Miranda Perry Fleischer and Daniel Hemel are coming out with a new article on the architecture of basic income.
This article does an excellent job explaining the arguments and counterarguments related to Universal Basic Income, as well as providing a proposal for how such a program might be implemented here.
I’m deeply skeptical because of UBI for three reasons. First, given the scope and cost of the project, there would need to be overwhelming political consensus in favor of it to bring it to fruition, and no such consensus exists or is likely to come about any time soon. Second, I think that implementation of UBI in any developed nation would likely exacerbate existing tensions with immigration. The authors’ UBI proposal suggests a per person income for every working and non-working adult and child at $6000. This is twice the per-capita income worldwide. It’s not hard to see how this provides even greater incentives for cross-border migration from poor to rich nations. Third, and not least, the cost. The authors’ proposal would entail a “total annual cost for a UBI of $1.878 trillion.” That’s about half of the total collected revenue of the United States government every year. This would only be possible with deep cuts to existing programs and a massive increase in taxes. It’s hard to imagine either being political palatable.
Not unrelated: Bill Gates proposes a robot tax for automated systems that take the place of human workers. AOC appears to agree with him. It’s not obvious to me how you would actually implement such a tax, but I’m open to the idea.
Not shocking: According to a report, the vast majority of EU government websites are in flagrant violation of the GDPR.
Most of the attention related to tech antitrust has been focused on Facebook and Google lately, but if there is one tech company that has been reported to be consistently engaged in intentional, unrepentant anti-competitive behavior, it’s Uber.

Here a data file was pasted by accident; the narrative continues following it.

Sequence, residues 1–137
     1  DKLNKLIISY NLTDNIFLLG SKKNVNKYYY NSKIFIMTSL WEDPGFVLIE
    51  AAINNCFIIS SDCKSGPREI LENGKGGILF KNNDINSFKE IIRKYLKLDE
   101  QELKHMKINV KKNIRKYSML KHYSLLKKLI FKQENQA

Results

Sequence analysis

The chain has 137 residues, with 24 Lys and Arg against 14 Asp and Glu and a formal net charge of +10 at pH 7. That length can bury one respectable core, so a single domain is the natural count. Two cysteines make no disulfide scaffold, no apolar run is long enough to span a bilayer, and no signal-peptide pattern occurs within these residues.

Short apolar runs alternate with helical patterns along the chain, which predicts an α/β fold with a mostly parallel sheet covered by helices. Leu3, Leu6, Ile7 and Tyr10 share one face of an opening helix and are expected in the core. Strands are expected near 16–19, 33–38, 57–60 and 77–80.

“From the nice-try dept.” Slashdot tells us that Google is doing its best fend off more fines from the EU by bolstering its competitors in search.
This was probably already true, but in case there was any doubt, Putin officially makes it illegal to criticize him in public.
This may seem unrelated to tech policy issues, but this article is excellent and important. Sticking Points: Epistemic Pluralism in Legal Challenges to Mandatory Vaccination Policies, by
From the abstract:
The Article develops a principle of “epistemic public reason,” which incorporates a principle of epistemic reasonableness by which to distinguish those epistemic viewpoints entitled to moral duties of civility and reciprocity by fellow citizens. Finding that most empirical objections to vaccination mandates are either directly or indirectly epistemically unreasonable, the Article concludes that the coercive imposition of immunization requirements on epistemic outliers is consistent with the principle of epistemic public reason. It also clarifies more generally the nature and extent of public officials’ obligation to offer reasons on contested empirical questions relevant to public policy that all reasonable citizens, including dissenters, can reasonably accept.
If you follow the history of “fake news” and systematic misinformation campaigns, many of the techniques and tactics adopted in political information warfare were originally created and designed by anti-vaccination campaigners. This is a canary in the coalmine issue, if ever there was one. How we as a society deal with misinformation in this context will be a harbinger for how we as a pluralistic society manage misinformation in other contexts. There are times when reasonable minds cannot disagree, and if we aren’t willing to take a stand in those moments, we’re going to be in trouble.